One of the most talented and creative authors working today, Neal Stephenson is renowned for his exceptional novels—works colossal in vision and mind-boggling in complexity. Exploring and blending a diversity of topics, including technology, economics, history, science, pop culture, and... show more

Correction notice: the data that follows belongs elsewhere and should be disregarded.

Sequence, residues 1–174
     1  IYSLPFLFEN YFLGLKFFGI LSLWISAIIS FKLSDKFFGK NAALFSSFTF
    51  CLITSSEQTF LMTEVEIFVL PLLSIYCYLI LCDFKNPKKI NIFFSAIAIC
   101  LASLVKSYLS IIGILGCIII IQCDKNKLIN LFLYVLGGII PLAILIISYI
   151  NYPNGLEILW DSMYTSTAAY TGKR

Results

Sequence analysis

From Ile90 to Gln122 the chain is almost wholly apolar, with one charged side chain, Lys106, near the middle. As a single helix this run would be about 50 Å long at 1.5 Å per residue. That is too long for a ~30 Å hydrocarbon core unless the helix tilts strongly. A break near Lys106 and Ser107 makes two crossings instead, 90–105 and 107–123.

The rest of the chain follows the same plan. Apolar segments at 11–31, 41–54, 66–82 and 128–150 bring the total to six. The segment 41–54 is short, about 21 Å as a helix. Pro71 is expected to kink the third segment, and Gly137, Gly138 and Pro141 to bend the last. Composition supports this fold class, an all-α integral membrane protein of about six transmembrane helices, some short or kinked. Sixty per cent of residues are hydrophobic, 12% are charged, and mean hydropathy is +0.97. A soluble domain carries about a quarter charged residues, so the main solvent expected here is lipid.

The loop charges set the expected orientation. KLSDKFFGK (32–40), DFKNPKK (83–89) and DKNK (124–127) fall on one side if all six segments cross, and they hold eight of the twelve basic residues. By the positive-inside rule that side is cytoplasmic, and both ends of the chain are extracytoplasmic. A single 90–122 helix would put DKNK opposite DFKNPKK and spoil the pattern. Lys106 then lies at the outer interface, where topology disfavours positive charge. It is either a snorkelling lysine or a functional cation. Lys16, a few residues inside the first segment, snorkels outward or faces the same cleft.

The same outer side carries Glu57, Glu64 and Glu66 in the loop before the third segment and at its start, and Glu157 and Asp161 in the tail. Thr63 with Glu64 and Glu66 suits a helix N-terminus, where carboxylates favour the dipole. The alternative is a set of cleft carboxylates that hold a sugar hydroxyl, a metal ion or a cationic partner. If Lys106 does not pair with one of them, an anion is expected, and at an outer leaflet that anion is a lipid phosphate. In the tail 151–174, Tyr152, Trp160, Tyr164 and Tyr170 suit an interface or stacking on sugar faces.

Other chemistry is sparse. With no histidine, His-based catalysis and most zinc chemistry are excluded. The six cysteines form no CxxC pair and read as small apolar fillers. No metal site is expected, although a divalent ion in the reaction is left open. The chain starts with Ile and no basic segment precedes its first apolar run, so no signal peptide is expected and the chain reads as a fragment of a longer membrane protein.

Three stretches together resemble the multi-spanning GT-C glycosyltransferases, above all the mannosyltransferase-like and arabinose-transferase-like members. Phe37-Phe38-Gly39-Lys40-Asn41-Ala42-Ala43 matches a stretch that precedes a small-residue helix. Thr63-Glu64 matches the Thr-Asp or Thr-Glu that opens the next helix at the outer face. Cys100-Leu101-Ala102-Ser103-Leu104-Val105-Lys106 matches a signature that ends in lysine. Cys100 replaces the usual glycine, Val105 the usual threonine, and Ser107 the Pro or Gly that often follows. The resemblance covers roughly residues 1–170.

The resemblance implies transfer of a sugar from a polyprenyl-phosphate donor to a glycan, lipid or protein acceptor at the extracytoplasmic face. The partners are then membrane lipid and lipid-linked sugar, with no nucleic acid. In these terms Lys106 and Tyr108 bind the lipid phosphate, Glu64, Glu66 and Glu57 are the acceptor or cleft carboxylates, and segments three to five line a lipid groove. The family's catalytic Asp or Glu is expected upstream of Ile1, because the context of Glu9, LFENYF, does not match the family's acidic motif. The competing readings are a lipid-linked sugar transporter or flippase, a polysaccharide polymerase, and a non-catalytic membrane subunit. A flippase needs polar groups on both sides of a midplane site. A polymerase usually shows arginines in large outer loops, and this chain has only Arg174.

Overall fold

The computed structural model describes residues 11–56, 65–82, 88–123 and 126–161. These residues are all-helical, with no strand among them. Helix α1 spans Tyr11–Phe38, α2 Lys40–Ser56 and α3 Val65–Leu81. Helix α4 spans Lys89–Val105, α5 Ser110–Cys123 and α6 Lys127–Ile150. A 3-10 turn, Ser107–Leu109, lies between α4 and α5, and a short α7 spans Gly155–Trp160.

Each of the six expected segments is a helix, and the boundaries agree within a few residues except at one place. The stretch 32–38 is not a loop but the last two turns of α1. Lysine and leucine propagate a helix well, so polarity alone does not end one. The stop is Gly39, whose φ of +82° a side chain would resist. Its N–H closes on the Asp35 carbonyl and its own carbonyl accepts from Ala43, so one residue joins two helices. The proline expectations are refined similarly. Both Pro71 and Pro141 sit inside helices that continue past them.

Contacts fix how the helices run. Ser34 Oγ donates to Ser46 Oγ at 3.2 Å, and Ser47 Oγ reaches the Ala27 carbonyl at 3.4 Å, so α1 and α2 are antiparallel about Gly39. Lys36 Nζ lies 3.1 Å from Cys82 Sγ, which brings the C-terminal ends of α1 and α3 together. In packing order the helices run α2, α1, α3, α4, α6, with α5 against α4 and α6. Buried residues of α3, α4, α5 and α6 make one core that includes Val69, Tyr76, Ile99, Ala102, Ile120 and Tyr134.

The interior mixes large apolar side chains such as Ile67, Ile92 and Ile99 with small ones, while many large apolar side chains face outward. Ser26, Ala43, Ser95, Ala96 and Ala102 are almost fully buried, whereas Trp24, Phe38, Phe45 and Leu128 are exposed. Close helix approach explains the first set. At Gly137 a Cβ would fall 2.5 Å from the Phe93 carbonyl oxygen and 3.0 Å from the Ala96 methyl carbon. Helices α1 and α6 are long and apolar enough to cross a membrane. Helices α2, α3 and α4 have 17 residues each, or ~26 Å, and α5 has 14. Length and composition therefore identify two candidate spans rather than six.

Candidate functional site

One of the most talented and creative authors working today, Neal Stephenson is renowned for his exceptional novels—works colossal in vision and mind-boggling in complexity. Exploring and blending a diversity of topics, including technology, economics, history, science, pop culture, and philosophy, his books are the products of a keen and adventurous intellect. Not surprisingly, Stephenson is regularly asked to contribute articles, lectures, and essays to numerous outlets, from major newspapers and cutting-edge magazines to college symposia. This remarkable collection brings together previously published short writings, both fiction and nonfiction, as well as a new essay (and an extremely short story) created specifically for this volume. Stephenson ponders a wealth of subjects, from movies and politics to David Foster Wallace and the Midwestern American College Town; video games to classics-based sci-fi; how geekdom has become cool and how science fiction has become mainstream (whether people admit it or not); the future of publishing and the origins of his novels. Playful and provocative, Some Remarks displays Stephenson's opinions and ideas on: The Internet, our dwindling national attention span, and the cultural importance of books and bookishness Waco, religion, and the cluelessness of secular society Metaphysics and the battle between Isaac Newton and Gottfried Wilhelm Leibniz The laying of the longest wire on Earth—and why it matters to you Technology, freedom, commerce, and the Chinese How Star Wars and 300 mirror who we are today and what that spells for our future Modern Jedi knights, a.k.a. scientists and technologists, and why they are admired and feared by both the left and the right By turns amusing and profound, critical and celebratory, yet always entertaining, Some Remarks offers a fascinating look into the prismatic mind of this extraordinary writer.